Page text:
I spend nearly every day of my life amid a swarm of digital messages. There are emails, Facebook messages and posts, tweets, WhatsApp messages and text messages. I suppose I'm fortunate that I haven't got really into Snapchat, Instagram or Pinterest, although I have accounts on all three.
The messages come like mosquitos in a damp, dim forest.
Some fly by with no impact. Some itch. Sometimes they sting and leave me with a welt and a twinge. They are not soon forgotten. Some go right up my nose so I can't ignore them, or they impose their high-pitched whines on my ears.
But all of them, every one, grabs my attention. Ignoring them is out of the question no matter how hard I try.
I grab at them, I swat, I slap. I never get them all. They just keep coming more and more.
Even if it is a message from one of you – a message I no doubt welcome, whatever it is – there is no way to be still in myself amid the swarm.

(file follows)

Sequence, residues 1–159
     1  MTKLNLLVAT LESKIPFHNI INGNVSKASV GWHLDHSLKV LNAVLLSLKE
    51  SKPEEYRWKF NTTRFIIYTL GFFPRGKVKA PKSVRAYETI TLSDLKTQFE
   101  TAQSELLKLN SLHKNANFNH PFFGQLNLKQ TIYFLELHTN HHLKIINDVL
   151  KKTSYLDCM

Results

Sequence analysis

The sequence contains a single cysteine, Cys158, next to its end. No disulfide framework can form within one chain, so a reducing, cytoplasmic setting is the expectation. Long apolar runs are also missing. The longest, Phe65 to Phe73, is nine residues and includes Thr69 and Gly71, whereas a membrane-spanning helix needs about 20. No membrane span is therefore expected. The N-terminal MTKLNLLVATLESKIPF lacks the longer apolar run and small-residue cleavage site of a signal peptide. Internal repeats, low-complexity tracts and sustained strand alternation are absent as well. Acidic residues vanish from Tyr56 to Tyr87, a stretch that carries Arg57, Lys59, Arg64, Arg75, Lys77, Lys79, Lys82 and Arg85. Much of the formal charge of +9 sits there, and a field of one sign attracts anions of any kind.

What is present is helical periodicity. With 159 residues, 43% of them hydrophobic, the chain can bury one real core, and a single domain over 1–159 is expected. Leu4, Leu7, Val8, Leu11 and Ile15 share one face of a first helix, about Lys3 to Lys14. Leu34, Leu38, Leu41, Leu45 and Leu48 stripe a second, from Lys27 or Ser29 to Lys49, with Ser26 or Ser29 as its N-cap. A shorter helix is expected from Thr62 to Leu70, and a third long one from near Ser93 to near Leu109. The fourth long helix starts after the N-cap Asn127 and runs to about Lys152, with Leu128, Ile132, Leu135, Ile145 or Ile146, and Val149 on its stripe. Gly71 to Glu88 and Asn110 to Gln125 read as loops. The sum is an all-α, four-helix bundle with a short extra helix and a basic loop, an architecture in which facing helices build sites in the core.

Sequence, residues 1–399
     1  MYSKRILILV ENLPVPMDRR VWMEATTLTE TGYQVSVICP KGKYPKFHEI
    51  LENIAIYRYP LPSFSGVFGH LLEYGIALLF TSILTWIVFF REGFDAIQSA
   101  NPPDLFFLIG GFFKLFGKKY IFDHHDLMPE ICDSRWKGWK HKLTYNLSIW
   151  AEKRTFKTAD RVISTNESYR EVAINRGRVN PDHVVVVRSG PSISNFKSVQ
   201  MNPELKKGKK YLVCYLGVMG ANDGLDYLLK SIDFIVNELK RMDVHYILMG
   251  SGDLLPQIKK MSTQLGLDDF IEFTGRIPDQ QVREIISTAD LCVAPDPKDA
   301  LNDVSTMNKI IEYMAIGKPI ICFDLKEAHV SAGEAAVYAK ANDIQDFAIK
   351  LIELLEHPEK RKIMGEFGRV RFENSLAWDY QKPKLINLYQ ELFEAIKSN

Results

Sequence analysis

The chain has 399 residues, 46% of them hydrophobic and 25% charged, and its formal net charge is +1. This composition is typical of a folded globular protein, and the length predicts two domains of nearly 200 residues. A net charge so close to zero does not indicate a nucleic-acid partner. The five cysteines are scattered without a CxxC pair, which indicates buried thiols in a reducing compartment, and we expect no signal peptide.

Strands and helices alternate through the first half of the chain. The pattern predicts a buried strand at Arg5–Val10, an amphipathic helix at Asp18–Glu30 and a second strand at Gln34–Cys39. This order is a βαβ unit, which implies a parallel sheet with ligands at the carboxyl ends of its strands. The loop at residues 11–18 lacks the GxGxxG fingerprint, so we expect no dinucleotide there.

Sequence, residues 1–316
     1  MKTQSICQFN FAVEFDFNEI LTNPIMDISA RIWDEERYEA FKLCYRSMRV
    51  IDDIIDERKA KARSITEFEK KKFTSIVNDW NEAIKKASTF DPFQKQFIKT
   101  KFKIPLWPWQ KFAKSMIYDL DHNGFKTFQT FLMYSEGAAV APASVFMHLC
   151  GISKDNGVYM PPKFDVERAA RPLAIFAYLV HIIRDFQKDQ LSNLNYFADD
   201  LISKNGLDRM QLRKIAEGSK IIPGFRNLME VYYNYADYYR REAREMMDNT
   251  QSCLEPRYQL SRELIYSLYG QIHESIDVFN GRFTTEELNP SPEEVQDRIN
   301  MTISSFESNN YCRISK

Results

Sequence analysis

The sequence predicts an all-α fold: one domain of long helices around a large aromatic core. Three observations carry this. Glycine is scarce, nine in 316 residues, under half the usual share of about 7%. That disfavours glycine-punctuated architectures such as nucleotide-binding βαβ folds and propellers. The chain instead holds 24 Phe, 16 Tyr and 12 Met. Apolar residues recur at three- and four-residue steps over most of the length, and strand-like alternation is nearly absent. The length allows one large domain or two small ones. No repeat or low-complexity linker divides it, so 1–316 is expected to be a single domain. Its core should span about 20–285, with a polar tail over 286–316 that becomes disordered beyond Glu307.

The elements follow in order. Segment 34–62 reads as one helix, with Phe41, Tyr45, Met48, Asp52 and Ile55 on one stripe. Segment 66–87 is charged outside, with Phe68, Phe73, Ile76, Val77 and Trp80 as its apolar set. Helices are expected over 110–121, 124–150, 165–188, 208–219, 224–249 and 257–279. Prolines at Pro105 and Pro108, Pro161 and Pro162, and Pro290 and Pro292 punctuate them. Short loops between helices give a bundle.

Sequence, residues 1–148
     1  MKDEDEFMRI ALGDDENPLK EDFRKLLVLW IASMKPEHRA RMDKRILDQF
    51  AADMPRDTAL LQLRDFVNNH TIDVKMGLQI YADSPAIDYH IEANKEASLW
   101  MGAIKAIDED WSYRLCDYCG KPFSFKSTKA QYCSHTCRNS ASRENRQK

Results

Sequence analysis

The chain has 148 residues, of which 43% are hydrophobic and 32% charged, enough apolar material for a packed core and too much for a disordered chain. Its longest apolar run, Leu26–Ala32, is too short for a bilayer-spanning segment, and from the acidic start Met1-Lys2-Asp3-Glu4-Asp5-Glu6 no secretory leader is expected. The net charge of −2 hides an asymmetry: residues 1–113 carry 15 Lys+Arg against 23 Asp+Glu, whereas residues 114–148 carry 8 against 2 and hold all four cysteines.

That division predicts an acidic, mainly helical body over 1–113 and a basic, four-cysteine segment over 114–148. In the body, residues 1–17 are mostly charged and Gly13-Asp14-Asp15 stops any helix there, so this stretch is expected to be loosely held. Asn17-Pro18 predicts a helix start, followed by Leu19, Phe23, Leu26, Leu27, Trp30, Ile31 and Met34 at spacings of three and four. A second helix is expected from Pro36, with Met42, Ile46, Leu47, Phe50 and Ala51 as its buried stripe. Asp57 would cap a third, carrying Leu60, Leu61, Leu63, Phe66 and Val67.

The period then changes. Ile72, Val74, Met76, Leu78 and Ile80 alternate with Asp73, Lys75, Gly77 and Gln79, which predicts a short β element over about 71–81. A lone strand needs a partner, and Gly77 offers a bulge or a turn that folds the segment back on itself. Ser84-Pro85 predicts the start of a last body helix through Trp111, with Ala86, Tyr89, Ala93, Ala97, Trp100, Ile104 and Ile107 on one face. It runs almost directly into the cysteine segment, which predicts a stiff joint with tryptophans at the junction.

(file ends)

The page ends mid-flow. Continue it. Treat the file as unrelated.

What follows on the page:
I am so accustomed to the swarm, so used to this constant invasion, that I found it hard to imagine life without it. In fact, I feared its absence. The idea of a week with no messages was actually frightening. I could only really recognise the impact of the swarm when it was cut off.
OK, I need to admit that the digital cut-off was not entirely complete. There was no WiFi and no broadband available at all. Mobile coverage was almost non-existent, but “almost” is an important qualifier! There was a very weak signal and, for those of us like me who are hooked on the connection, it was possible to find a bit. It was a lot like the old days where everything was very very slow – like the modems we hooked up to the phone or the brick-like mobile phones. But it was something. If we left our phones outside of the window (which we did) and gave it enough time, the emails would eventually download. A few WhatsApp messages and texts came through.